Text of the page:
'The remote control is in my father's hands', Nitesh Rane

Oct 07, 2017, 10:45 IST | Hemal Ashar

Never mind the different party, dad is my leader and he'll tell me what to do, says Nitesh Rane

After two days of 'will he, won't he', former chief minister Narayan Rane joined the BJP-led NDA yesterday. The veteran leader's political party, the Maharashtra Swabhiman Paksha, will support the BJP, putting an end to speculation following his exit from the Congress last month after 12 years with the party. Rane was CM for a brief while in 1999 when he was in the Shiv Sena.

Nitesh (second from left) and Narayan Rane (right)
Nitesh (second from left) and Narayan Rane (right)

Opposing teams
While switching parties and crossing floors may be par for the course, Rane's BJP alliance gives an interesting tweak in his household. His son Nitesh is in the "opposite camp" so to speak - a Congress MLA.

Playing down the "difference in parties", Nitesh said, "I have seen my father suffocate for 12 years with the Congress. By suffocate I mean being stifled. I don't speak as an MLA but as a son, when I say I have seen his suffocation and witnessed his pain." "When he joined the Congress, he was 54. He was promised a certain role. Yet, he was repeatedly rebuffed, fobbed off instead with assurances like 'it will happen in a week', 'it will happen in a month', " he added.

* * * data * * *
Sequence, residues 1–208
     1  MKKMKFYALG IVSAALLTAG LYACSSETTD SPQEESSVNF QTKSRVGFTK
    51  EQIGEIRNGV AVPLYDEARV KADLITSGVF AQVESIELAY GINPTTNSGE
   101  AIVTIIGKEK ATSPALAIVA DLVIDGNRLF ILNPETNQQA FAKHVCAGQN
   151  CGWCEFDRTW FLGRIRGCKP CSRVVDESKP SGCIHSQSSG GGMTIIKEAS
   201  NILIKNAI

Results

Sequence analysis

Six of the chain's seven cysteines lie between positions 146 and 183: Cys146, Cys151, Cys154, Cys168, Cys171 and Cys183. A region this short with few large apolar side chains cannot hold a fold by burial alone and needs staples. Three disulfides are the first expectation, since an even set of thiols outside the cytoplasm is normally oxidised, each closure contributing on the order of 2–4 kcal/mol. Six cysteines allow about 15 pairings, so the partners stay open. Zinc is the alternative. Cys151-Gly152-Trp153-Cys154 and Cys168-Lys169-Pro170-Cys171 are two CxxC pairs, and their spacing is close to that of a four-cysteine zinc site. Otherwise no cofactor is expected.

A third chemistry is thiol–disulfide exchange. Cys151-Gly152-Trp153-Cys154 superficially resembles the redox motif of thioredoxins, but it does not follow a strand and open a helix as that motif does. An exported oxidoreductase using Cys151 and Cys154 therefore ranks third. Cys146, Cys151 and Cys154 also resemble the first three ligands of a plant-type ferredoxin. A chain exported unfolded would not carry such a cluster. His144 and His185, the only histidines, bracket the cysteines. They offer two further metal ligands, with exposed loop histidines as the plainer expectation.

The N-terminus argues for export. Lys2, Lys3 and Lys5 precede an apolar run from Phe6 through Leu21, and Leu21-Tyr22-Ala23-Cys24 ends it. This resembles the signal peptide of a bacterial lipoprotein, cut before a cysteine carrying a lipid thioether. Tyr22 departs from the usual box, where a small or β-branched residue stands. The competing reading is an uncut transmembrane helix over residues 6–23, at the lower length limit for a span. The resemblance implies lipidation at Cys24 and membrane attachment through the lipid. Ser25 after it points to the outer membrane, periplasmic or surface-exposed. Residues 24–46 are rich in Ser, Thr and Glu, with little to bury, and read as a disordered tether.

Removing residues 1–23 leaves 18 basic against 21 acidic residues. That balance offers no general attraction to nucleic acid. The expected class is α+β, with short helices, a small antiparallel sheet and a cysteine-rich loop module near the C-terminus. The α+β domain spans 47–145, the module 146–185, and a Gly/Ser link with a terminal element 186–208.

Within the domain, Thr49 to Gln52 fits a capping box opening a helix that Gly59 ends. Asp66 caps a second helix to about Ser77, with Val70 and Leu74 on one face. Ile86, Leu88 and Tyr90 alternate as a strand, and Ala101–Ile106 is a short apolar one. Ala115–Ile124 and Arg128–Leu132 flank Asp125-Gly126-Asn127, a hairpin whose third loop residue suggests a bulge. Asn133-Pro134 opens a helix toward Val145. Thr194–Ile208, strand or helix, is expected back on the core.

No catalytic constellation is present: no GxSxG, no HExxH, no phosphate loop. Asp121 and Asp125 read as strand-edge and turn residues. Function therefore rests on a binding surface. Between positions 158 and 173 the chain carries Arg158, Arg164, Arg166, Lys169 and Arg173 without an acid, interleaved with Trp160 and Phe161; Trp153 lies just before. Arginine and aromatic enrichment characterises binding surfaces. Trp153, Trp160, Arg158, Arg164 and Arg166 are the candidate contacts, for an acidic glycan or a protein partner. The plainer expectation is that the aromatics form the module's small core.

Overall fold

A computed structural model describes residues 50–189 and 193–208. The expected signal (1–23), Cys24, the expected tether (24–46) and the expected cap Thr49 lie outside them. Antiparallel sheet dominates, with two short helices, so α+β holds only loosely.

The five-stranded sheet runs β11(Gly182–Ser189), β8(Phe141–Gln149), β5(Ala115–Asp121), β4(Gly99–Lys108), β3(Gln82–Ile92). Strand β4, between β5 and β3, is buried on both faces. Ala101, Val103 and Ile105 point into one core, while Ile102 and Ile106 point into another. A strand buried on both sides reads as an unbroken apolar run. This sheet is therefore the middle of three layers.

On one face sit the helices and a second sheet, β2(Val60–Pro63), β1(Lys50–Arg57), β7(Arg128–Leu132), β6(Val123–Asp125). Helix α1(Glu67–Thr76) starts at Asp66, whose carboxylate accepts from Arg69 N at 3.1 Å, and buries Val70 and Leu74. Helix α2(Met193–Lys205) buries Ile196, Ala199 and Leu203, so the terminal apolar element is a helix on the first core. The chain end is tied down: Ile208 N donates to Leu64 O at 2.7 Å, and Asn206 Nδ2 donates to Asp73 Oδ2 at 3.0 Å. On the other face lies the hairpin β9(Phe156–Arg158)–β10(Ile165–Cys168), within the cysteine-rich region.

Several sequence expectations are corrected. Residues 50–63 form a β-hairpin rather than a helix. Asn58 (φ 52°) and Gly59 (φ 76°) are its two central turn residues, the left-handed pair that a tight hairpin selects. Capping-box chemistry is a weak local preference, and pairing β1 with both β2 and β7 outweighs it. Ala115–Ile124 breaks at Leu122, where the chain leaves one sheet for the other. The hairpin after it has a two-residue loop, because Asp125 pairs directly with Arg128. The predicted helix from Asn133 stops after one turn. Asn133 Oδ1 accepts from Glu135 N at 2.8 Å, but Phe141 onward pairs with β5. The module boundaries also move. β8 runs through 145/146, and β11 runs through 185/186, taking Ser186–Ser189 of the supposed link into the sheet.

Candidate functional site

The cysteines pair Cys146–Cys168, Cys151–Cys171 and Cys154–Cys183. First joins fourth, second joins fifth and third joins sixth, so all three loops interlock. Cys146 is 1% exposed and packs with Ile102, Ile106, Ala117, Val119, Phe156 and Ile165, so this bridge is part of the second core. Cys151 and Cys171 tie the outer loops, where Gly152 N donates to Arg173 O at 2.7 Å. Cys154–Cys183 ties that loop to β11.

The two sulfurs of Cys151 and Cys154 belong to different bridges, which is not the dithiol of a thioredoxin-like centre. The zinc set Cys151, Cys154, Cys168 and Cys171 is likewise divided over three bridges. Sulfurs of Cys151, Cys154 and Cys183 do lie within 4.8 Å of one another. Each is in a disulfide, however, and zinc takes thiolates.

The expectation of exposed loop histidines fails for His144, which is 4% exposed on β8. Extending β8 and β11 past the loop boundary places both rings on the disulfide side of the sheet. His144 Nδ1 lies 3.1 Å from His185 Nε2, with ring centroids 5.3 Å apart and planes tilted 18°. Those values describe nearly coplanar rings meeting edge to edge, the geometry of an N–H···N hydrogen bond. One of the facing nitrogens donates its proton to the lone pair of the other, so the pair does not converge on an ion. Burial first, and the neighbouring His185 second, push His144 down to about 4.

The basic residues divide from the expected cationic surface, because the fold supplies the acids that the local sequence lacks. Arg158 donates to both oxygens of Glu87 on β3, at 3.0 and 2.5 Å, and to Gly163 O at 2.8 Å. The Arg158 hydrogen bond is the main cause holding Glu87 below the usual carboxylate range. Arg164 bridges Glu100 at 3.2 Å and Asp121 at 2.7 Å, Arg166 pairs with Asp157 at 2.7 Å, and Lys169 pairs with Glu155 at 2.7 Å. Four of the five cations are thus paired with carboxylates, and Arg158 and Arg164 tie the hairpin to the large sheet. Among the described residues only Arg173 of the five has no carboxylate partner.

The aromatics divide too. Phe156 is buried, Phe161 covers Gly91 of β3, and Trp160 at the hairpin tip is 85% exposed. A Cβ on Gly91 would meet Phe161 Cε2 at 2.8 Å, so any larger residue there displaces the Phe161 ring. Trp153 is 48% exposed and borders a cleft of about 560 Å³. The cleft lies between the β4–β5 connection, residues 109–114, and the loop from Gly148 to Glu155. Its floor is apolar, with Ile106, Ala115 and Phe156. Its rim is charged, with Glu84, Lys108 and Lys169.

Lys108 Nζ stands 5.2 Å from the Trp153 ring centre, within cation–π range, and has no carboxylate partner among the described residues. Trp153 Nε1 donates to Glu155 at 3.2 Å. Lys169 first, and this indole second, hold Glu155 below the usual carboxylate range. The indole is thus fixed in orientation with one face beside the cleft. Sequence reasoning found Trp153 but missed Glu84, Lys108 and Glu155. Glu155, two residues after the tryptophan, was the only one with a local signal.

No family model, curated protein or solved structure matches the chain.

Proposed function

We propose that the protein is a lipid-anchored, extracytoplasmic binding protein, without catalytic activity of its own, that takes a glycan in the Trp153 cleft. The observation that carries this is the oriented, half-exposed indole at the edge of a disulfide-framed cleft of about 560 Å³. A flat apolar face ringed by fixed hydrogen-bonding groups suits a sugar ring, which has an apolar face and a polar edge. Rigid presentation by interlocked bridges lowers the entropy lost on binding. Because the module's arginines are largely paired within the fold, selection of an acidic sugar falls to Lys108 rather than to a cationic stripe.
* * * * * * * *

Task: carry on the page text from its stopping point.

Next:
"Today, he is 65; he has lost all those years. With his new party, he wants to work for Maharashtra." Asked if his father used to discuss the proposed break from the Congress with him, Nitesh said, "Yes, we used to talk about it at home. You know, politics is all about timing. Today, I am a Congress MLA. Yet, I see no difficulty or awkwardness in my father and I being in different parties. My father will tell me what to do; he is my leader and guide. He has not asked me to resign as yet. The people have elected me for five years and I have to respect that; maybe, my father wants me to do that too."

The leader
He, however, did say that he was a "technical" member of the Congress, not particularly allied with the party's ideology. "Eventually, I see myself working for my father, I do not know when this will happen. I know one thing, that the remote control is in his (my father's) hands," the often-controversial Nitesh signed off.

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